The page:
Tiburon Island Coyote
The Tiburon Island coyote (C. l. jamesi) is a subspecies of the northern coyote, and it is primarily found on Tiburon Island in California. It is believed to have diverged from its mainland ancestor around 8,000 years ago due to isolation by rising sea levels. Morphologically speaking, this species has a larger skull size compared to other coyotes. Its fur ranges from greyish black to brownish yellow with a cream-colored underbelly.
The diet of Tiburon Island coyotes mainly consists of small rodents such as mice and voles, but they also consume insects and carrion when available. They are known to hunt in packs and have been observed preying on deer fawns during their breeding season in the springtime.
In addition, these animals exhibit unusually high vocalization rates compared to the rest of their relatives. During the day, they often travel within family groups consisting of one adult male and female and their young cubs.
This species plays an important role in maintaining balance in local ecosystems through predator-prey dynamics; however, human activities still present a major threat to them, including hunting, habitat loss or fragmentation caused by urban development projects, and vehicle collisions while crossing roads.
Conservation efforts must be considered if we want future generations to continue enjoying these magnificent creatures’ presence in our planet’s landscapes and ensure their survival.
The mountain coyote (C. l. lestes) is one of the nineteen subspecies of North American coyotes. It is found in mountainous areas and inhabits elevations between 2,500 to 10,000 feet above sea level. Its range covers parts of northern Arizona, New Mexico, Nevada, Utah, Idaho, and California, as well as southern Alberta and British Columbia in Canada.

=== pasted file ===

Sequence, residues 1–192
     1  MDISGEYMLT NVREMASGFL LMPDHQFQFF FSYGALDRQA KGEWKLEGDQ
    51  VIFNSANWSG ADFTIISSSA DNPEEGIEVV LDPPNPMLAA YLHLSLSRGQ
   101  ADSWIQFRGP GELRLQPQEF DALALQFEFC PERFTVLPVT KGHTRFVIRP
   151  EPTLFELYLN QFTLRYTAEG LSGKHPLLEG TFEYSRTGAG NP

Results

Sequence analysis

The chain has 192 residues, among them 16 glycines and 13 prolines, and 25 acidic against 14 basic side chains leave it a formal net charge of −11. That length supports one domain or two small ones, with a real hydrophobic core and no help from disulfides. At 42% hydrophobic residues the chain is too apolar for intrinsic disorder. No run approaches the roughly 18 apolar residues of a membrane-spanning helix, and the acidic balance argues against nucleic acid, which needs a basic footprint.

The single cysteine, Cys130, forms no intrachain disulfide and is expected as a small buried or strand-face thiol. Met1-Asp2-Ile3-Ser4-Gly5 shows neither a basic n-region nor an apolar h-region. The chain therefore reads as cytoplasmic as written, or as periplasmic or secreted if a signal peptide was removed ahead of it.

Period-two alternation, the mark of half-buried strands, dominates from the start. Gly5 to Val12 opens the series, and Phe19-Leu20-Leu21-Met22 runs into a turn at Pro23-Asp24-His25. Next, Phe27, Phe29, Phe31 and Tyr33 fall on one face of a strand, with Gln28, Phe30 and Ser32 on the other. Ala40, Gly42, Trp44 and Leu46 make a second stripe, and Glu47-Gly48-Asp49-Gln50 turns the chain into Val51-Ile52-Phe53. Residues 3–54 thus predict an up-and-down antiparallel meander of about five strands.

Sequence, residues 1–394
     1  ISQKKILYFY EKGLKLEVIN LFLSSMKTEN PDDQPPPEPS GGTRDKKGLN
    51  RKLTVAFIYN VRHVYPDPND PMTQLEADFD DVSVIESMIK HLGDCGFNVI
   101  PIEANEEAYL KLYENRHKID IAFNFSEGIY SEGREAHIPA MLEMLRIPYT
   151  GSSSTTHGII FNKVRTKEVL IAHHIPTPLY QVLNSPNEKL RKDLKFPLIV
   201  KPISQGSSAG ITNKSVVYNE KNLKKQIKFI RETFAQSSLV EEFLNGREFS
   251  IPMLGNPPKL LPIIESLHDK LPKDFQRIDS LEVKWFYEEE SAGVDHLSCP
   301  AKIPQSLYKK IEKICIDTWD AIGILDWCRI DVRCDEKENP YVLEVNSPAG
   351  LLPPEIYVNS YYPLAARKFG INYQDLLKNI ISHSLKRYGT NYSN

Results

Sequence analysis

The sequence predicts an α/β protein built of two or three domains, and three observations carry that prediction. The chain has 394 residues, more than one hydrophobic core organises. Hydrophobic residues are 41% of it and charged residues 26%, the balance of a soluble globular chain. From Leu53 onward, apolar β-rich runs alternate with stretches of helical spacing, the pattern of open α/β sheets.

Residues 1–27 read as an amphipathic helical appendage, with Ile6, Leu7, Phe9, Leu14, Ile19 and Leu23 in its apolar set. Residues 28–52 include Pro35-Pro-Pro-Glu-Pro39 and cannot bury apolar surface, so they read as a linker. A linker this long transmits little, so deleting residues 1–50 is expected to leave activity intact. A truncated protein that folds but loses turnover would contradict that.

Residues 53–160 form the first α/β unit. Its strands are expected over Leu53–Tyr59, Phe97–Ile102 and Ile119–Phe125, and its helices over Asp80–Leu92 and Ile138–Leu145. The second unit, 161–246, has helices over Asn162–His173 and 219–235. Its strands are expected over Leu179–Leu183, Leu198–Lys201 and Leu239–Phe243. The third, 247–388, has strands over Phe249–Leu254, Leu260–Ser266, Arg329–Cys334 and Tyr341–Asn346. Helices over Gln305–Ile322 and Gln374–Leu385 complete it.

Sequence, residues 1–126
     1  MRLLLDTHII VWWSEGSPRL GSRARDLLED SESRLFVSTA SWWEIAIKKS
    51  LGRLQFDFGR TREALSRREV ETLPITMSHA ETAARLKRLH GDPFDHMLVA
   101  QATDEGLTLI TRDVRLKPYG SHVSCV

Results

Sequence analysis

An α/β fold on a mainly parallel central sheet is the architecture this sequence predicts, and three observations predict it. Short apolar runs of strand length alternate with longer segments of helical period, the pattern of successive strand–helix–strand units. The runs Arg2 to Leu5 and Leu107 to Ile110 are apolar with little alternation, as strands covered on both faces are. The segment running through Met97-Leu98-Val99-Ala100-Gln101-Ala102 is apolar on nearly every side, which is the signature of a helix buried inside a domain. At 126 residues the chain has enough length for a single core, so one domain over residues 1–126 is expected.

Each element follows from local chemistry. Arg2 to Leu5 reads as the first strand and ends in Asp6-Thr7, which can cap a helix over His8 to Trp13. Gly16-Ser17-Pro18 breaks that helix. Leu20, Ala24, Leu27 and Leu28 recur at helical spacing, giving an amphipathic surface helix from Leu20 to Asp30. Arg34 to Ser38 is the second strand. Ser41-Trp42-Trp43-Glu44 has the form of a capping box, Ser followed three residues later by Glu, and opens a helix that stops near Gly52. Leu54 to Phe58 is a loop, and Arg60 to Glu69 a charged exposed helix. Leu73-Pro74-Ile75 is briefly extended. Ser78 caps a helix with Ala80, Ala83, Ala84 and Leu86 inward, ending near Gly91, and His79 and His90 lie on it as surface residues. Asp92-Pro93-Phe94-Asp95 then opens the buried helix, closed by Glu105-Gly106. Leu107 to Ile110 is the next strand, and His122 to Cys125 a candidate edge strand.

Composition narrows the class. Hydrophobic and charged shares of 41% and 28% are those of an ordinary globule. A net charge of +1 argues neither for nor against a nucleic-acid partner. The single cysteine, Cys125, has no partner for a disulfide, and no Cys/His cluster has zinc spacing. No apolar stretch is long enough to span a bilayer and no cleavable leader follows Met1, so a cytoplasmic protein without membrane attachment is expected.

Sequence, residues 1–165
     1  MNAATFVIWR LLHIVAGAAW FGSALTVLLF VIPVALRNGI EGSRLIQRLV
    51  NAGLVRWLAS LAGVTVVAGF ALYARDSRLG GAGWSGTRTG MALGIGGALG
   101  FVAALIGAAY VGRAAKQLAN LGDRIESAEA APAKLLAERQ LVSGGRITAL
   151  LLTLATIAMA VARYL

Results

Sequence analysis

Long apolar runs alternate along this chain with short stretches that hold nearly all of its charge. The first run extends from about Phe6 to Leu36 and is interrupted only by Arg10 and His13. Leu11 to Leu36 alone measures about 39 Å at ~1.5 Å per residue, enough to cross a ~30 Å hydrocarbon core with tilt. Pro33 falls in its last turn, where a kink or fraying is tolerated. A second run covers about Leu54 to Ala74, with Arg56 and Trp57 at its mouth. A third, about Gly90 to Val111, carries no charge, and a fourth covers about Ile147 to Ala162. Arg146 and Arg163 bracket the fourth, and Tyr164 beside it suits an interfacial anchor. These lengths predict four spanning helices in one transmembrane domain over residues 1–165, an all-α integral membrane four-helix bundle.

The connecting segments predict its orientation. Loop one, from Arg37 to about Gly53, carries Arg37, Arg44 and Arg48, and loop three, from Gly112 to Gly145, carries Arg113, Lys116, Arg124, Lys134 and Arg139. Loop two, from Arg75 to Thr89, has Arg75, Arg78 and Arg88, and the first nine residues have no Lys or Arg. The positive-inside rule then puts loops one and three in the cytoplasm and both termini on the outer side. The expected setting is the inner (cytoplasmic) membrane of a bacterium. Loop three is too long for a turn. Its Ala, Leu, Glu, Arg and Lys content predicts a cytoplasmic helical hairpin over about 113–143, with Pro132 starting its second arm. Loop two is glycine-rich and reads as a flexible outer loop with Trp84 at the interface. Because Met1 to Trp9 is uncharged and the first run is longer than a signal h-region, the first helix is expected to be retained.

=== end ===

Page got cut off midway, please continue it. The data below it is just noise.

Mountain coyotes are slightly larger than their lowland counterparts, with a longer snout and more heavily furred legs. They tend to be lighter in color than other coyotes due to higher snow cover levels in their habitats during winter.
The mountain coyote diet consists mainly of small rodents such as ground squirrels or chipmunks, but they may also take on large animals, including deer, when food sources become scarce. Various predators inhabit the same environment, including bobcats, cougars, foxes, and bears, so the mountain coyote must remain vigilant.
Their ability to adapt quickly allows them to survive in many climates, from desert scrublands to alpine forests, without needing any significant changes in behavior or habitat use over time.
Unlike tiburon island coyotes which tend to stay closer to coastal wetlands foraging for fish and crustaceans, mountain coyotes have adapted well to life in high elevations where rainfall is less frequent, and temperatures can be extreme.
They make efficient use of available resources by scavenging carrion whenever possible while supplementing their diets with fruits and nuts during the summer months when available. Their superior hearing abilities allow them to detect potential prey items on land and underground, making them formidable hunters despite their relatively modest size compared with larger apex predators encountered within their range.
Mearns’ Coyote (C. l. mearnsi) is a subspecies of the coyote found in parts of Arizona, New Mexico, and northern Sonora, Mexico. It shares its range with five other subspecies of coyotes.
Characteristics that distinguish Mearns’ Coyotes from the others include their larger size; they are considered among the largest coyotes in North America. They have longer legs than average, giving them an overall lankier appearance than other coyotes. Their fur has a distinctive reddish-brown coloration on the dorsal and ventral surfaces and black markings across their faces and backs.
Behavioral adaptations for this particular species also set it apart from other subspecies of coyotes. Unlike other canids, Mearns’ Coyotes tend to live solitary lives or form pair bonds during the breeding season rather than travel in packs like most wolves and foxes do. Additionally, these animals prefer drier habitats, such as deserts or grasslands with sparse vegetation.
Though they will utilize human food sources when available, they largely exist off small mammals such as rabbits or rodents obtained through daily hunting.
Mearns’ Coyotes inhabit an expansive terrain due to their adaptability and opportunistic behavior toward food acquisition. Consequently, this makes them one of nineteen recognized subspecies of Canis latrans in North America today – furthering our understanding of how diverse biological systems can be within species boundaries alone.